I often teach McPhee's Encounters with the Archdruid, which includes the story about Dominy and Brower going down the river with him before the dam was built—a great piece to use in the classroom to get both sides of the debate.

    About 10 years ago I was working for an organization that interviewed Dominy for a documentary. He was pretty old, but still a bourbon-swilling cantankerous rascal who refused to give an inch on his dam-building. You probably know Katie Lee in Jerome, she's an old friend and firebrand.

    I look forward to parts 2 and 3! Hope this gets more attention.  

    stay together / learn the flowers / go light - Gary Snyder

    by Mother Mags on Sat Dec 08, 2012 at 10:19:47 AM PST

  •  Nicely done, thanks for the diary. (7+ / 0-)

    Never have been to Lake Powell, but now I want to go.  Before it's too late, for both it and me.

    The road to Hell is paved with pragmatism.

    by TheOrchid on Sat Dec 08, 2012 at 10:47:56 AM PST

    •  by all means. . . (7+ / 0-)

      visit and enjoy the lake; the Glen Canyon country, and all the rest of this wondrous southeast Utah (bordering northeast Arizona) landscaping. I like that saying, "The road to hell is paved with pragmatism." Thanks for sharing it. Sure has been the case here in the Southwest. If you live long enough, you might even get a chance to see the Glen if she does dry out (once the lake goes way). Stranger things have happened before, you know. Thanks, again, for your comments.

  •  Republished in J Town (8+ / 0-)

    Republished in the J Town Babbling Brook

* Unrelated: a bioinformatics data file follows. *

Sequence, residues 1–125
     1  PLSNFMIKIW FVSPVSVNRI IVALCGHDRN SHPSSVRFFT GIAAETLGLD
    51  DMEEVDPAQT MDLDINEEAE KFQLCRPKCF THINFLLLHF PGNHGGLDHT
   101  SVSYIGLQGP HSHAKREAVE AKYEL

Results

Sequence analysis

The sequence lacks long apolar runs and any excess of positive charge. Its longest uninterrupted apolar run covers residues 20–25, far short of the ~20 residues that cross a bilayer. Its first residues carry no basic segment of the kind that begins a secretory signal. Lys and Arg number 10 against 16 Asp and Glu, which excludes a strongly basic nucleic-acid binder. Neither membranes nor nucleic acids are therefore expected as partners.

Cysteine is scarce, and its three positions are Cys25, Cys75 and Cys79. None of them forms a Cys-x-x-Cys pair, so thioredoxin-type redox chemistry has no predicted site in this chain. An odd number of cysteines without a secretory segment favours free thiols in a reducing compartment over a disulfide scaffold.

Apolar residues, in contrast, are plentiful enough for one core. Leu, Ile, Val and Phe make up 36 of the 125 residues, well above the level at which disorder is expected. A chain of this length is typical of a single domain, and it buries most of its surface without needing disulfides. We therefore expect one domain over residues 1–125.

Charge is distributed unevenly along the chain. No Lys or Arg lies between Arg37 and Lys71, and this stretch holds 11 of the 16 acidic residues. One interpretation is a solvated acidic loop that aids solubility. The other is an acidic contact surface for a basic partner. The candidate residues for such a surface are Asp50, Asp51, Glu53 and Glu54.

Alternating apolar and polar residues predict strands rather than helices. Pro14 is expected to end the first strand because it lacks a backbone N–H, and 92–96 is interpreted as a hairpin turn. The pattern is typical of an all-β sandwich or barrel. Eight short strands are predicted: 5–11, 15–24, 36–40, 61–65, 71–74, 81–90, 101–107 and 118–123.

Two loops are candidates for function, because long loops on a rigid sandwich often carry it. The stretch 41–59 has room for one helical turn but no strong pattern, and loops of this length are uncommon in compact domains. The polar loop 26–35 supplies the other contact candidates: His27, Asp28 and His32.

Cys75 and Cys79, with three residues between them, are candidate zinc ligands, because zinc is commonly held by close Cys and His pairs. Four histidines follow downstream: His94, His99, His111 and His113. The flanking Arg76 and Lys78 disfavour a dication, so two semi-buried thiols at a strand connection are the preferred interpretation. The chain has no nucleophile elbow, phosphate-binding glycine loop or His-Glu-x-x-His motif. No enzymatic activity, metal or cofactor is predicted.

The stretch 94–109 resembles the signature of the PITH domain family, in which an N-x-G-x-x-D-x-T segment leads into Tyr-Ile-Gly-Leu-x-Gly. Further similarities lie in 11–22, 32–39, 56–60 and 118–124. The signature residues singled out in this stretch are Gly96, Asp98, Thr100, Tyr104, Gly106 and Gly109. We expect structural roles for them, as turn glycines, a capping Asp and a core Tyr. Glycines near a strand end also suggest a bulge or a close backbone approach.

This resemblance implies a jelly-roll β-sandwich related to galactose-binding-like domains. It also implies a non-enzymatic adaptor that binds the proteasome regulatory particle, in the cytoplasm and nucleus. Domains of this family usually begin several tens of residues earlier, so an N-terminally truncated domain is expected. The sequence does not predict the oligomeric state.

Burble Burble

    Thank you

    Love is the lasting legacy of our lives

    by princesspat on Sat Dec 08, 2012 at 11:04:04 AM PST

    •  and a big thank you. . . (9+ / 0-)

      for you and the J Town folks. . .republishing this piece. I look forward to looking up the site and learning more about the site. Love is indeed the lasting legacy of our lives. I include the sentiment for nature's showcase and for all creatures great and small, domestic and feral.

      •  I grew up in the southwest..... (9+ / 0-)

        ....and loved exploring the canyon lands with my grand parents. So in 1964 or 1965 (I've forgotten the exact date) when I spent a week exploring Lake Powell by boat I was both fascinated and horrified. It was a memorable week....I don't remember seeing another person, just the water, the canyons and the sky. But I remember the sadness I felt just as clearly.

        I live in Wa State now, and as dams are being removed and  attempts to restore the rivers and land are beginning I feel the same sadness.

        The Elwah Dam restoration project is interesting.

        Thank you for writing about this important topic.

        Love is the lasting legacy of our lives

        by princesspat on Sat Dec 08, 2012 at 11:30:54 AM PST

        [ Parent ]

        •  thank you, princesspat. . . (8+ / 0-)